The builtin speakers sound great.


I have a few issues with the device.

Weird keyboard layout

The keyboard layout is strange: the key above enter, instead of sending \ or |, sends "chevrons". This is due to the Purism folks expecting you to pick the "US international" keyboard instead of the "US" keyboard, which is a very strange pick, as the "US" keyboard seems pretty standard. The workaround is to drop this in your udev configuration, say in /etc/udev/hwdb.d/90-purism-pipe-symbol-fix.hwdb:


Then running:

sudo systemd-hwdb update
sudo udevadm trigger

The keyboard layout, in general, is a little unique: the sound buttons are split across the F4 key (mute) and -/= (volume up/down keys) for some reason.

The PrtSc key can be as SysRq but is backwards (ScrLk PrtSc) to their usual order (PrtSc ScrLk).

Limited USB-C port

The USB-C port does not support video which makes it limited to charging and data transfer. It can also not charge the laptop itself, as there's a separate power connector, losing many of the benefits usually associated with USB-C.

Ideally, a USB-C port might be used as a universal docking port: one wire to plug and you have power, video, audio, and USB for keyboard and mouse. Unfortunately, I'm still stuck with about 4 wires to plugin when I come into the office, something I was hoping to avoid. People have looked for a dock station without success.

Shipping delays, DOA

I waited almost four weeks to have my laptop delivered. Presumably this was due to a warehouse move but I found that communication about the issue could have been better. Worse: the laptop was dead on arrival (DOA) so I had to return it, adding another week delay for getting an actual working laptop. FedEx even charged me for the return even though Purism actually issued a shipping label, something I still haven't quite resolved.

Update: I ended up paying over 260$ in shipping fees to Fedex, in the end. I first paid around 70$ for the first laptop sent, then Fedex sent me another 200$ bill for the second laptop. Purism were unable to help me with this issue and Fedex has been totally useless as well. I've tried to reach to both organizations to get around those fees but the time wasted waiting on hold and support has outgrown the possible savings I could to by not paying the damn bill, so I just paid it now.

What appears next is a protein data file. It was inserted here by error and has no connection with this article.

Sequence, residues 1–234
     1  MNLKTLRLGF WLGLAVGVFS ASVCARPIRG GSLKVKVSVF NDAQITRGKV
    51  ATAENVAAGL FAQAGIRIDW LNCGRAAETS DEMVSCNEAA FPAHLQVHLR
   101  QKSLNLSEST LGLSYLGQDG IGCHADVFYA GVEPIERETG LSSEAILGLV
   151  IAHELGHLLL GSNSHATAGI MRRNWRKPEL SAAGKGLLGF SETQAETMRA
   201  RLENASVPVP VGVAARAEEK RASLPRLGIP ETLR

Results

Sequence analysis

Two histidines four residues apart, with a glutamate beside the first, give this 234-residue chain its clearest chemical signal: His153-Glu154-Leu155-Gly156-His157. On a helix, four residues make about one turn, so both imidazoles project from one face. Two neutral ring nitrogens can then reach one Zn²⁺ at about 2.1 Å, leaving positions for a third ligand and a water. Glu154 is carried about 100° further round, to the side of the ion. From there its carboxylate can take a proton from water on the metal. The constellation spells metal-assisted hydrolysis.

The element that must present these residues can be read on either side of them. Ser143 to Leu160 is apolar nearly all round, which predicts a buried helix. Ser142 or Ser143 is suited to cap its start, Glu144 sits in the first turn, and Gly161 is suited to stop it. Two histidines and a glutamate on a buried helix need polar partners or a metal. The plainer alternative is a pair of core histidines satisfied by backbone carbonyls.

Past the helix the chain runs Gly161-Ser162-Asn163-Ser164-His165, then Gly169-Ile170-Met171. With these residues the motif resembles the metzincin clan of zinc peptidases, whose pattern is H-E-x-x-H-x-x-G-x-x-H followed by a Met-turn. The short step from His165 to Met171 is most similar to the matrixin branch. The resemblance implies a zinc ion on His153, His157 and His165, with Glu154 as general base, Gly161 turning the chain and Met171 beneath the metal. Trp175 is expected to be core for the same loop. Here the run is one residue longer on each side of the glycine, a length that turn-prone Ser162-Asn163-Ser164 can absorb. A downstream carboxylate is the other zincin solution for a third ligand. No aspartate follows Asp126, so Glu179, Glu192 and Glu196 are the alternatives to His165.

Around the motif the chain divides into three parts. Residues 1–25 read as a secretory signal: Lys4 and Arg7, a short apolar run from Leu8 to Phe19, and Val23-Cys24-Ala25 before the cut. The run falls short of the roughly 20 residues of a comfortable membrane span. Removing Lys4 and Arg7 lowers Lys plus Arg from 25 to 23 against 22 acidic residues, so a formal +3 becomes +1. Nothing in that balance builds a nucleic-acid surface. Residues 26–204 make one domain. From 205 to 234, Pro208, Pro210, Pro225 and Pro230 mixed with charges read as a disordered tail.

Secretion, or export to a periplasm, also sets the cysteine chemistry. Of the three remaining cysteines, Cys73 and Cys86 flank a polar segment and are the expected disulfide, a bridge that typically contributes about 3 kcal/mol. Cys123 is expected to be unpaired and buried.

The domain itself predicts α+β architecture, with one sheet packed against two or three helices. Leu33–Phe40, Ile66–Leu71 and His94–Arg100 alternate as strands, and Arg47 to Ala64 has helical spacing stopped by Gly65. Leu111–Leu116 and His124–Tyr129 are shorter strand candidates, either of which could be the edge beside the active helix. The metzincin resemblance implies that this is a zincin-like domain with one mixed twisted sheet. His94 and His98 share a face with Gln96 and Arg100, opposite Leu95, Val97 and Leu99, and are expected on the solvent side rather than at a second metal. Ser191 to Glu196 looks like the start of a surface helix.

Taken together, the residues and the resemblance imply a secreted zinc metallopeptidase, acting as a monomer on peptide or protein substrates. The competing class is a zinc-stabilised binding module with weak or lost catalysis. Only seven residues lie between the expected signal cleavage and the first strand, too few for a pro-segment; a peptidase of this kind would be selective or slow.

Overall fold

Bright LEDs, not accessible when lid closed

There are three leds on the top right of the keyboad: one for wifi, battery and power. They are very bright and even though they can technically be dimmed, the firmware is not open so there's no way to dim the LEDs.

No ethernet port

That was a deal breaker for me originally, but I changed my mind. First, I don't need gigabit transfer speeds that often. Then my office doesn't have wired connectivity yet, so it is not that useful. Plus, I can afford to have a USB dongle there with a gigabit ethernet port, indeed, I already have one of those USB hubs. So not that big of a deal.

High cost

Those devices have a hefty price tag! At 1500-1700USD, it's definitely not something a student or even I, in my previous job, could afford. It's only because my current work was generous enough to pay for this machine that I was able to shell out the cash needed for this luxury item, clearly targeting the "high-end" crowd like Apple fans...

Questionable politics

After I bought the device, I found out that Purism wouldn't take a stand against racism and nazis on their servers. As a hardware manufacturer, that would be only a slight annoyance, but they recently got into the business of hosting social networks, emails and so on, so this is a big problem. I have written about the rationale in details in 2019-05-13-free-speech, but I cannot in good faith recommend doing business with Purism anymore, unfortunately.